In the precision medicine era, the line between products and services is blurred

Personalized and precision medicines are exciting fields that focus on the development of treatment and prevention strategies for a single patient or patient group. The treatments are developed using cutting- edge technologies such as genomic sequencing and genetic engineering, helping to account for the individual variability in both patient and disease characteristics.

This has gained a lot of attention in recent years due to revolutionary breakthroughs in debilitating chronic diseases such as cancer. Traditionally, cancer patients are treated using “one size fits all” interventions like chemotherapy, radiotherapy and surgery. These vary in their effectiveness and result in damage to healthy tissues.

Personalized and precision medicine, however, can offer specialized treatments that target the patient’s unique cancer subtype, its genetic mutations, and the affected tissues.

These therapies involve novel pathways and complex processes to aid and deliver treatment, making each therapy a service in its own right. They depend on many touchpoints, stakeholders, partnerships and interdependencies to treat patients.

As a result, designing suitable services to support patients, caregivers and healthcare providers throughout the treatment pathway is essential. However, doing so successfully depends on understanding how to best approach the design of services in this challenging landscape.

Optimizing the service behind the personalized and precision medicine is crucial for turning the treatment into a viable and differentiated option for patients. To make a real difference and ensure the therapy is competitive, we need to adopt a service design approach.

What is a service design approach?

Service design is a multidisciplinary art and science that enables us to take a holistic view of the service experience, along with a deep understanding of the target groups, such as patients and healthcare professionals, and the context they operate in. This can include using empathic methodologies, such as in-depth interviews and field studies.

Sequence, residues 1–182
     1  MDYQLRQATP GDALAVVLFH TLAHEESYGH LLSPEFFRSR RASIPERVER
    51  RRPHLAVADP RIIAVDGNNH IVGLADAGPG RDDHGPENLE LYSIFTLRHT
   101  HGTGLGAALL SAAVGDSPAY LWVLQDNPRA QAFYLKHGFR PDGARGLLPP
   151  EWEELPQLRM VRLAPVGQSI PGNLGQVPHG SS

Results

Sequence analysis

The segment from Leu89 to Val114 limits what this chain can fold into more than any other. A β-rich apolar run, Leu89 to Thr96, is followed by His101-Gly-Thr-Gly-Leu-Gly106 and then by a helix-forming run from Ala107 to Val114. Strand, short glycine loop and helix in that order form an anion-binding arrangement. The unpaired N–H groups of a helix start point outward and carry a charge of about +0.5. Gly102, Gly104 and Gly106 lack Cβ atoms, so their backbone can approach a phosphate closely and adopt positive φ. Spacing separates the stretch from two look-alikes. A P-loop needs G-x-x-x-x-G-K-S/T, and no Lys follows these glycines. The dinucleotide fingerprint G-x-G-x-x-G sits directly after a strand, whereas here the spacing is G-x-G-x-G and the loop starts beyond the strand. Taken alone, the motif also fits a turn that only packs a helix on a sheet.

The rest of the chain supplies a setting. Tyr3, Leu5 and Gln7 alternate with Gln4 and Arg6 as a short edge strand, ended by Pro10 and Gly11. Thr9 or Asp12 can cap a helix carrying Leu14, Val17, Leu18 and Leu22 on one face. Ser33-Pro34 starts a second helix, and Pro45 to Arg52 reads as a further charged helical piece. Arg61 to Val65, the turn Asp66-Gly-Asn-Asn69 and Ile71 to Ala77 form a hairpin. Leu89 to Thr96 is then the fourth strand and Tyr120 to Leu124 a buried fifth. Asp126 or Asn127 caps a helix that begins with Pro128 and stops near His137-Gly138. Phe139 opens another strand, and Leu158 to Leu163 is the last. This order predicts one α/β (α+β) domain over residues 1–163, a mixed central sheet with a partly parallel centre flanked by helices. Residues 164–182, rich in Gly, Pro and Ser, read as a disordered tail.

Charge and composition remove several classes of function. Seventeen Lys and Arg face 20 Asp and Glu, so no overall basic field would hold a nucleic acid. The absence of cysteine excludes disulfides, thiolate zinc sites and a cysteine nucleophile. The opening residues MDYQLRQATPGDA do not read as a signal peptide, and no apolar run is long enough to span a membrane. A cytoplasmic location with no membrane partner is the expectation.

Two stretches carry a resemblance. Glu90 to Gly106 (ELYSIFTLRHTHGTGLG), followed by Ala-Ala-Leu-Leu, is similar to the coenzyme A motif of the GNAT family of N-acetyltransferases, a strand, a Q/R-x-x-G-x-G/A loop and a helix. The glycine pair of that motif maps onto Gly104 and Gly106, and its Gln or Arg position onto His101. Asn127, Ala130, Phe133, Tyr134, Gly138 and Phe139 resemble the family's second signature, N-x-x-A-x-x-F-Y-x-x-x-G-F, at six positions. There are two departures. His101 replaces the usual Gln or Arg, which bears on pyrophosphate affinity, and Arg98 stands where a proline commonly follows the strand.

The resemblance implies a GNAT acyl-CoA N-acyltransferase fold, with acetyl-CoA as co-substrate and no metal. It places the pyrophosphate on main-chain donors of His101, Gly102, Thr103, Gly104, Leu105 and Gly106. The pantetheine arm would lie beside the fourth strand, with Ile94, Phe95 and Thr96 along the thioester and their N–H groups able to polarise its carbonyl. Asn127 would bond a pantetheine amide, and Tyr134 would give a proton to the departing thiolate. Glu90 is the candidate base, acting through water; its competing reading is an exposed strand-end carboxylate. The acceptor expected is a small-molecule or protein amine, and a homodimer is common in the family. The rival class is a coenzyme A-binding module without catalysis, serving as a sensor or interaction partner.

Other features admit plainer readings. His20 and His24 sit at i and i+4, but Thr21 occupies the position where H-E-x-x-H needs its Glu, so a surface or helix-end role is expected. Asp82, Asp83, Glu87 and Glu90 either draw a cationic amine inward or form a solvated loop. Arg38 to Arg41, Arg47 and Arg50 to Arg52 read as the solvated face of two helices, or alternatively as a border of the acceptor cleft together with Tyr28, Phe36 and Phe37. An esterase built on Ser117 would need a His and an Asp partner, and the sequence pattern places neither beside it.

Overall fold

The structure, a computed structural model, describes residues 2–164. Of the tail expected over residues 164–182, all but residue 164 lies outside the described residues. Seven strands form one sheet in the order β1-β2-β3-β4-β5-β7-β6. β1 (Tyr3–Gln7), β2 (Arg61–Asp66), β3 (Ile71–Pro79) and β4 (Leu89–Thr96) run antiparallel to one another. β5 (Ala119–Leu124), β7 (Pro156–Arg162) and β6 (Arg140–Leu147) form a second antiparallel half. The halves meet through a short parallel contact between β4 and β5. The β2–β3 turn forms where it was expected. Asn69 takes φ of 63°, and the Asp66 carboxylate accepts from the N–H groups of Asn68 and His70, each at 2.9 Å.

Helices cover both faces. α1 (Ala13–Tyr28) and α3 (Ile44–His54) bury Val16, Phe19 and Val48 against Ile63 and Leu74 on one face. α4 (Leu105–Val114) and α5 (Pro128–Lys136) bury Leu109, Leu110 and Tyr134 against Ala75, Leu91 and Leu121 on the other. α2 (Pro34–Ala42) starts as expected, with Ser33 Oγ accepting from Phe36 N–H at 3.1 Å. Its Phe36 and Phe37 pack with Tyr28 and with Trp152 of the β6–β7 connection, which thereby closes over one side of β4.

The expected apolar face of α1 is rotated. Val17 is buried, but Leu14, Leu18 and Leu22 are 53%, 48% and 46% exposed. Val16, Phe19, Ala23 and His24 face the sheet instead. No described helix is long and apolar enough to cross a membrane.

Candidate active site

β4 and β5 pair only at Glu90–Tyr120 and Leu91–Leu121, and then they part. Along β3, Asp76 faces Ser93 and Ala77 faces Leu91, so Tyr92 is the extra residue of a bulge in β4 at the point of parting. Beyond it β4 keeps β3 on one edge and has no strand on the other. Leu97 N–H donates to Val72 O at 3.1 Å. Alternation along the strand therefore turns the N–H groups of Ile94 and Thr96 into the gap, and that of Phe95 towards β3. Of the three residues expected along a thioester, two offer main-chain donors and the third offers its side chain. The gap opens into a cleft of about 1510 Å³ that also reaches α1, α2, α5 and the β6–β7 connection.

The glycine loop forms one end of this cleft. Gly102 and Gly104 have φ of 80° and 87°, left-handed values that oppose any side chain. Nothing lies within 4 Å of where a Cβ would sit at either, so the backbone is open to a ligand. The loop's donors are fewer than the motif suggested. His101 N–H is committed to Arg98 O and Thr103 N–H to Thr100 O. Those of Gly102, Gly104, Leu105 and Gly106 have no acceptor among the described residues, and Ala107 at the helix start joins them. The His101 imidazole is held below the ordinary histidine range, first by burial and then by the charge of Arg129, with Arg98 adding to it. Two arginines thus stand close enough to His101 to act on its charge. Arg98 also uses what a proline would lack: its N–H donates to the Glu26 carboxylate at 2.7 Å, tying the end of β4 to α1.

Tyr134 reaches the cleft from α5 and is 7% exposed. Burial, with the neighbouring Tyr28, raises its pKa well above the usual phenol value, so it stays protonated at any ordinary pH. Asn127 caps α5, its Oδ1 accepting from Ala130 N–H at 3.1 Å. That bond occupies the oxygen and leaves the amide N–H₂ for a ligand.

The five principles of service design:

1. User-centricity

Gaining a comprehensive understanding of the customer’s needs, how they experience the current service, and how future services address their unmet needs.

2. Co-creation

Involving different stakeholders throughout the design process to gain a wide range of knowledge and expertise, and to further drive customer-centricity across the business.

3. Visual communication

Using visual tools such as sketches, maps and prototypes to improve and ease communication and collaboration between the different stakeholders involved in the creative process (surpassing language and knowledge boundaries).

4. Iteration

Following a ‘learning-by-doing’ approach via continuous prototyping and testing to evaluate solutions before investing time and resources on development.

5. Holistic view

Understanding how the customer experiences the whole service journey and then identifying insight gaps and opportunities for service innovation by looking at the ‘big picture’.

Personalized and precision medicines are naturally patient-centered (compared to traditional pharmaceuticals), as the individual patient is central to the product design. Taking this empathic approach throughout the design process provides a deeper understanding of those needs as well as their context.